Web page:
Despite it’s flaws, Five Armies definitely exceeded my expectations after the disappointment of the bloated Desolation of Smaug, and contains stunning performances from it’s standout cast. I’d describe the movie as more of a popcorn flick, an enjoyable way to kill a few hours with some remarkable action scenes interlaced with, questionably timed, comedic moments.

Grade: B-


Seasons ;

Another- slightly more sombre- sonnet!

Verbal words can be stammered, typed messages cannot convey,

The twist of nerves and the surge of glee

whenever I glanced his way,

like a cage of butterflies set free.

Hair a darker shade than night,

Eyes paler than untouched snow,

that shone impossibly bright,

like a beacon, calling me to his glow.

The innocence of spring vibrates strong,

the warmth of summer held in his gaze

that made me belong,

with the promise of autumn’s haze.

He is the seasons, which means we cannot be,

For he loves another, and does not think of me.


The revised monologue I wrote for college;

“That’s right, I’m a conformist; conforming to the age of despising human interaction in every form. Maybe if murder becomes socially acceptable I should start offing people whenever I don’t get coffee in the morning or if I just miss the bus.”

Exasperation etched itself plainly on the less aged features of the pair, the teenage girl who was at the age where rebellion against everything society threw her way was paramount.

“Don’t start.”

Alas, unfortunately for the girl and those unlucky enough to be in the near vicinity, the train of thought had already accelerated, the cogs working rapidly in the mind of her Father in what would undoubtedly be another one of his spiels.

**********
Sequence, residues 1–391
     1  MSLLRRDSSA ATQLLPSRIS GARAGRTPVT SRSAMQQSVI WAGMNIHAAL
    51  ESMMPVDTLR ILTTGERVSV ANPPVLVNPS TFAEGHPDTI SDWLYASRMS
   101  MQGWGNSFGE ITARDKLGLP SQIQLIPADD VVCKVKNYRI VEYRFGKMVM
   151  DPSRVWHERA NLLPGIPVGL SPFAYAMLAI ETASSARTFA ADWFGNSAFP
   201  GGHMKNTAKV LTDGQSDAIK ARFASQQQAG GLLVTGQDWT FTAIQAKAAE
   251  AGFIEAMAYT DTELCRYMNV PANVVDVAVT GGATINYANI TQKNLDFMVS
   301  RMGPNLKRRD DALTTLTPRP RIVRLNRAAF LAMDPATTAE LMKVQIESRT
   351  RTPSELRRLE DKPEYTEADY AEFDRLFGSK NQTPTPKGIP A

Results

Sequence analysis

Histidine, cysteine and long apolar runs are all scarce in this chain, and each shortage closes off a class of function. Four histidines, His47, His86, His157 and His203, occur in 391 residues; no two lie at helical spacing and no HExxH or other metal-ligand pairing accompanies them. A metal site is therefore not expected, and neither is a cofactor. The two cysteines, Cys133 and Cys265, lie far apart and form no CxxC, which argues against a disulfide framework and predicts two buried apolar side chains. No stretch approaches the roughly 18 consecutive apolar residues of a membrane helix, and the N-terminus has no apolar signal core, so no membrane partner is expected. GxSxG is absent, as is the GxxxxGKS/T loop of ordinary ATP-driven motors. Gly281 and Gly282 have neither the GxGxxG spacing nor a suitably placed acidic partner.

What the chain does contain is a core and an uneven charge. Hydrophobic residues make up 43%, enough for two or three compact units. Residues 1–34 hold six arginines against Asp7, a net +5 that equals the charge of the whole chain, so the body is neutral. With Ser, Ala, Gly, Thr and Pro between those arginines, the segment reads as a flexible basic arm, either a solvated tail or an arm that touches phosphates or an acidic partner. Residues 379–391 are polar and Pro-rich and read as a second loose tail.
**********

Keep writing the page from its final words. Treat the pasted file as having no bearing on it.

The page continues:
“Has no-one seen Terminator? What if one day the machines get tired of scanning vegetables and decide to rise up and overthrow their human oppressors? Or Wall.E, where humanity became so dependant on technology we all became morbidly obese? Back in my day we only had three channels. Now we have self-checkout machines, HD and a million other unnecessary technological advancements. Do we really need a machine to scream at us and take jobs from people who need money?”

A sarcastic remark began it’s inception from the girl’s bank of verbal insults- the ones usually directed towards her fathers ones involving his age- but before it fell from parted lips, the chime of her mobile indicated a message. Retrieving it and glancing at the text, she heard the sound of her Father’s derisive scoff, one that practically begged to be the subject of a heated glare.


“Is the world going to end because you didn’t check your phone? Look around; half of the people here are on their phones, and they’re with people. Social networking? Don’t make me laugh. There’s nothing sociable about hunching over a tiny screen, ignoring whoever you’re with.”

“We’re talking to other people, Dad.”

“That’s like saying you’re playing golf with one of those simulator things. It’s not the same thing, is it? You can’t judge body language through a text, you can’t hear someone laughing at a joke you made. How do you know if they put a lol at the end that they actually laughed? I’m telling you; mobile phones are a curse. If there comes a day where they don’t exist anymore, your generation will have to learn how to actually talk to each other.”

The Father’s outpouring had seemed to extend the wait in the queue, what with his booming condescension and her hissed retorts, it seemed to take an eternity before they had finally reached the pinnacle of the queue, and were now approaching the manifestation of all the wrongdoings with this technological age; the self-checkout machine.

And it only took approximately four seconds before the first of many frustrated yells of, “It’s in the goddamn bagging area!”